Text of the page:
LOWER TOWNSHIP - The next time Lund's Fisheries wants to land a particular species of fish while avoiding other species they aren't supposed to catch, a new high-tech system aboard the boats could point them in the right direction.

That's the promise of a system currently being installed by the National Oceanic and Atmospheric Administration on all 12 vessels owned by Lund's Fisheries, as well as independent fishing boats docked locally.

Identifying fish locations is only one of the many benefits being touted for a system that has been used on boats in New England but never before in southern New Jersey.

"This is the first installation in New Jersey and in the Mid-Atlantic," said Wayne Reichle, whose family owns Lund's Fisheries.

"This is the future. It's something really needed by our industry and to give (NOAA) more real-time information to react to changing conditions in the ocean. It can hopefully make us more productive," Reichle said.

Water temperature, recorded electronically by sensors on the fishing gear and delivered to a laptop computer, is only one of the data points the system delivers. It's an important one. Fish are cold-blooded and water temperature happens to be the key feature in where they concentrate.

The system means a boat captain can direct efforts to the water temperatures that produce the fish they are targeting, such as squid or mackerel, while avoiding ones being protected, such as river herring or winter flounder.

"If you get too high in river herring we can say you've got to get to two degrees colder water," said John Hoey, manager of cooperative research projects at NOAA's Northeast Fisheries Science Center in Woods Hole, Mass.

This could translate into higher catches and burning less fuel hunting for targeted species. It helps fish managers trying to rebuild stocks of species in trouble.

An offshoot is that the system supplies key data to the Northeast Fisheries Science Center, which is tracking the impact global warming is having on fish populations. A number of fish species are moving their ranges to the north as oceans warm, and having water temperatures linked to specific water depths and catches is vital information. The system records the temperature, depth, time of day, time of year and exact location of catches.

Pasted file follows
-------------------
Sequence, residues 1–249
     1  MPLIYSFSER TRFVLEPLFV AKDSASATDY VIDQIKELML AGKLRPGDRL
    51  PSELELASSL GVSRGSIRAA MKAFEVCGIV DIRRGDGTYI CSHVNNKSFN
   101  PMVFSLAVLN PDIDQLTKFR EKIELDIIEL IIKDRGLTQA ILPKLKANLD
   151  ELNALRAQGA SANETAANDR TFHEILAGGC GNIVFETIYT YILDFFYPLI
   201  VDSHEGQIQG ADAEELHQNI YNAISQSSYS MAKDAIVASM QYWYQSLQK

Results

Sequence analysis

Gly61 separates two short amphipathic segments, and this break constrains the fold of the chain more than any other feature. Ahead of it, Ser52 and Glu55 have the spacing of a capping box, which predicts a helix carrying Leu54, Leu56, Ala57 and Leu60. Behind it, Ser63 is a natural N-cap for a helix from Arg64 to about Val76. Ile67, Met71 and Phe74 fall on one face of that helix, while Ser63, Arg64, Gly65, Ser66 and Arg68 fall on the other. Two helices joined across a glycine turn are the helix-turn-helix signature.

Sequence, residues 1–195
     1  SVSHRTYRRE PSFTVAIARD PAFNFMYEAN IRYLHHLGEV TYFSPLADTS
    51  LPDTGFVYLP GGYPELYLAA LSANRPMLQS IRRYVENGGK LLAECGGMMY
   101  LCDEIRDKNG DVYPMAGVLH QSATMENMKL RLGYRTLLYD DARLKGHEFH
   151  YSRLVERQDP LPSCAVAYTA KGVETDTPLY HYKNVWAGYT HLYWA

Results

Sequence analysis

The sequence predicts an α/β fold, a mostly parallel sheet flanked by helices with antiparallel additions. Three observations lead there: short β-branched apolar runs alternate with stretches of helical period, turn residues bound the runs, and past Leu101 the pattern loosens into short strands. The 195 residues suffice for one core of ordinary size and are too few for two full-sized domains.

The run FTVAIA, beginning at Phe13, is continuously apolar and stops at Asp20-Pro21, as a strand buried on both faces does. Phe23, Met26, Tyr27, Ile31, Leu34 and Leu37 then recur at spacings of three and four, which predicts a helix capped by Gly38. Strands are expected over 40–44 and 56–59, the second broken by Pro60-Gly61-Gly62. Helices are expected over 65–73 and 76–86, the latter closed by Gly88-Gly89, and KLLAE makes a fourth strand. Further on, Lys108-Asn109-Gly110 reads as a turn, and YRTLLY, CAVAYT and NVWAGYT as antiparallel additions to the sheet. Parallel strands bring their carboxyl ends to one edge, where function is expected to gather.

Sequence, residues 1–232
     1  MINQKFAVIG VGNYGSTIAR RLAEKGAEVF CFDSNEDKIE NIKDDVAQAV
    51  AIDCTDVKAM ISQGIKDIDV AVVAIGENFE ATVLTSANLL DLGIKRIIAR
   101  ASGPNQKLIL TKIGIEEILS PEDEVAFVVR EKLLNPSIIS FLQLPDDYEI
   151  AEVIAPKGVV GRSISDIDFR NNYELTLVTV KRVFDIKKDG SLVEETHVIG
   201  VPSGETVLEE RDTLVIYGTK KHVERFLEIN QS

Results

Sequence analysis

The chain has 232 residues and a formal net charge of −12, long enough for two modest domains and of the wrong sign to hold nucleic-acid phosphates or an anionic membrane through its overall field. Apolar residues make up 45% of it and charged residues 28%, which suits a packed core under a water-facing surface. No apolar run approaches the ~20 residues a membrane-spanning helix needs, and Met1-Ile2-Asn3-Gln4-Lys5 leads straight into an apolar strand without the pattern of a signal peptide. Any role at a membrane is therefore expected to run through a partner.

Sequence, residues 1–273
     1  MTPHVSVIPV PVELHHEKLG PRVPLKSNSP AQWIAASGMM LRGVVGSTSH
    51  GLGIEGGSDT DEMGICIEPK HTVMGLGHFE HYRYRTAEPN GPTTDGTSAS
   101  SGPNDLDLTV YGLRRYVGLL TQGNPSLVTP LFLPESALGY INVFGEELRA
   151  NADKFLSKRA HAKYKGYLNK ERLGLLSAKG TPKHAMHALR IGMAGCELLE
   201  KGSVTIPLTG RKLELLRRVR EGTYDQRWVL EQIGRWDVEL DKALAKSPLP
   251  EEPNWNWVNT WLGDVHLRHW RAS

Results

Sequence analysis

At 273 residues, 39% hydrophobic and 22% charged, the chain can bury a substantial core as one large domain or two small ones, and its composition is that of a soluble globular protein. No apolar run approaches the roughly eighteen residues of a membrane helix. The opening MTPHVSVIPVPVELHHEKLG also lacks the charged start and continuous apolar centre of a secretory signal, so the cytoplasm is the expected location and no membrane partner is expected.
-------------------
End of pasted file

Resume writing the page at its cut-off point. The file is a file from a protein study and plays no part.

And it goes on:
Hoey said the equipment has been installed on about 23 vessels from Rhode Island north, and they've received this data from 37,000 net tows over the past few years.

"It will help us measure how quickly bottom temperatures are changing over time, and we can track fish moving north and south. Climate change modelers can use this data," Hoey said.

The temperature data is expected to lead to new maps showing fish distributions that will help fishermen avoid "problem species" while honing in on targeted species, Hoey said. The future may include a fishing report similar to the ones agricultural agencies put out for farmers giving them information on things such as soil moisture that helps them decide when to plant. The water temperature data may be intricate enough to show where juvenile or adult populations of a specific species would be at a given time.

Hoey equates it to a painting by artist Claude Monet.

"Up close its millions of tiny little dots. Move back, and it's a woman in a park," Hoey said.

In the past such information came from trawling surveys NOAA does in the spring and fall, but this did not supply information at other times of the year and only covered the areas where trawling was done.

The new system also allows immediate electronic reporting of catches. This replaces a system where captains filled out paper logbooks and submitted them to NOAA. Sometimes a quota for a fishery was exceeded before all the logs were turned in since there was a four- to six-week lag time to process the paperwork. The new system gets the data to NOAA within four hours of fish being caught.

"This allows us to stay within quotas and avoid overages. It helps us minimize by-catch we're trying to avoid," said Jeff Kaelin, who handles government relations for Lund's Fisheries.

The path of the net is tracked by GPS while temperature sensors are on the large metal doors that spread the mouth of the net open. The GPS data comes at 30-second intervals so it shows when trawling is done and when a captain is steaming at a higher rate of speed to another fishing spot. Data goes to the NFSC, but captains were supplied with laptop computers, funded by the federal government, to access the data. Hoey noted the computer software was designed by fishermen.

Hoey said the data will lead to other applications.

"Stock assessments are all limited by data. It opens up a lot of more sophisticated ways to improve stock assessments," Hoey said.

Kaelin said the data also shows when the net is in the water column or on the ocean floor. This can be used for such efforts as the one to protect corals that live in the deep waters off New Jersey.

Contact Richard Degener:

609-463-6711